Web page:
After the U.S. and Cuba agreed on a deal that would enable commercial flights between the two countries, several U.S. carriers said they would file applications to operate to Cuba later this year. What changes will scheduled service to Cuba mean to charter operators and to U.S. tour operators booking people-to-people programs?
Currently, all flights between the two countries are chartered by a number of Florida-based companies, including Marazul Charters, ABC Charters, Xael Charters, Gulfsream Air Charter, Island Travel & Tours and Havana Air. Major carriers, such as American and JetBlue, lease their aircraft to charter companies for Cuba flights.
Peggy Goldman, president of Friendly Planet, which offers four Cuba itineraries on its people-to-people programs, said that “the convenience factor of scheduled through-flights for our clients will be huge."
“It is very inconvenient and costly for them to have to fly to Miami and overnight there before getting on the charter flight to Cuba the next day,” Goldman said.
She pointed out that travelers on scheduled commercial flights will be able to check luggage all the way through to Cuba, something they cannot do now since they have to switch to a charter flight.
The issue of blocking seats for groups on a scheduled flight and handling multiple transfers once clients arrive in Cuba on different flights are logistical problems; “we will have to see how they all work out,” Goldman said.
But: “Overall, let's pop the champagne," she said. "Scheduled flights will benefit travelers in terms of costs and convenience."
Under certain conditions, Friendly Planet will continue to use charter operators if, for example, seats for groups are unavailable on scheduled flights out of certain gateways.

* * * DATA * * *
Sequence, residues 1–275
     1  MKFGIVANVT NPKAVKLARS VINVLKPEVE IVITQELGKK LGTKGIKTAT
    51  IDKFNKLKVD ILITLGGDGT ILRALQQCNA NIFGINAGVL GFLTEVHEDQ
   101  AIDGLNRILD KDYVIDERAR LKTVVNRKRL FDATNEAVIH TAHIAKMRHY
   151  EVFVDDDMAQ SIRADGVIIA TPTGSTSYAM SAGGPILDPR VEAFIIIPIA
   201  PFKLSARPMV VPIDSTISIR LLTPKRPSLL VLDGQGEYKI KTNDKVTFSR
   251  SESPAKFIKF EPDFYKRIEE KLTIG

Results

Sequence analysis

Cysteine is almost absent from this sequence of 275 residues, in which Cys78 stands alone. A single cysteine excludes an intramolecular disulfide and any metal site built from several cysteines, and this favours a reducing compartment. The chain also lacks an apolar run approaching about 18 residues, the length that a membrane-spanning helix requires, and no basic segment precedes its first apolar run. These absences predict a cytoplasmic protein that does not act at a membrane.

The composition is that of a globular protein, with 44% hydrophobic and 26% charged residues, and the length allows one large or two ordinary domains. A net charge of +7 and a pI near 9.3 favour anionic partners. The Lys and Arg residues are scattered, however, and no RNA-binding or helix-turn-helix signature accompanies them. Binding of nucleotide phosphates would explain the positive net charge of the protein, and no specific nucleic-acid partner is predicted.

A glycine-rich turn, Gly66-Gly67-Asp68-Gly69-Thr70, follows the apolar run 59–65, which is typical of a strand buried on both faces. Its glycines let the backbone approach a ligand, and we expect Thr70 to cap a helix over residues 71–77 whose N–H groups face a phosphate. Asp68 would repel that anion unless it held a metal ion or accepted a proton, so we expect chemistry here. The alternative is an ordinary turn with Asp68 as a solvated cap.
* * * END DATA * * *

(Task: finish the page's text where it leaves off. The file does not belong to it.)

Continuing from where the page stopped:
Goldman pointed out that well before scheduled flights to Cuba take to the air, there are requirements that DOT has to work through as well as the Cubans who have to approve landing rights for each carrier. “They also have to protect the European and Canadian carriers that have been bringing travelers to Cuba for years,” she said.
Bob Guild, vice president of charter operator Marazul, said that the transition from charter flights to scheduled flights would be challenging. “More than likely this will be rolled out over a period of months on American, Delta, JetBlue and United, and we will be working with them to schedule our groups on their flights," he said. "I am assuming the U.S. gateways will be Atlanta, JFK, Los Angeles and Miami."
This transition process also will continue to include charter flights, he said. “The charter flights will be a supplemental way to get travelers to Cuba.”
Guild said that those charter flights will be important. “Restrictions will continue until Congress lifts the embargo and even if/when they do, there is still the Cuba infrastructure to deal with. It's close to capacity now, and no big changes are expected in the hotel situation for two to three years.
In Guild's opinion, scheduled flights are good news for Cuba-bound travelers. “They will get good service; the airlines have many planes, so if one breaks down there is another to quickly replace it; and I'm hoping the fares will go down and landing fees lowered for all flights, scheduled and charter.”
Many charter operators already have added ground arrangements to their list of services as a way to supplement revenue.